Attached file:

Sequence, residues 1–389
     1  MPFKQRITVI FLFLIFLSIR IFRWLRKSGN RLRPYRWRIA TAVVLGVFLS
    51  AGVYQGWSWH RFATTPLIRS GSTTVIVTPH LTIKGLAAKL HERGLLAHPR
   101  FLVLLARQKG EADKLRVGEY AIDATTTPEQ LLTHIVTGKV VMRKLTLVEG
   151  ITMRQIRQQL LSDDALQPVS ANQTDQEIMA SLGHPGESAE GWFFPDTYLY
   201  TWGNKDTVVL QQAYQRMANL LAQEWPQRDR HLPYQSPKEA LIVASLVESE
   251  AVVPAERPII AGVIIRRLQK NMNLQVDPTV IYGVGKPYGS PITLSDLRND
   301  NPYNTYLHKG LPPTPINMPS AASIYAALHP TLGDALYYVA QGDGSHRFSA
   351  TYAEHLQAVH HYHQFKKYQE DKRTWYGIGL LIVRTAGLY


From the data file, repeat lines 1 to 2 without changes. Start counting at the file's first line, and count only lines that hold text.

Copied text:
Sequence, residues 1–389
     1  MPFKQRITVI FLFLIFLSIR IFRWLRKSGN RLRPYRWRIA TAVVLGVFLS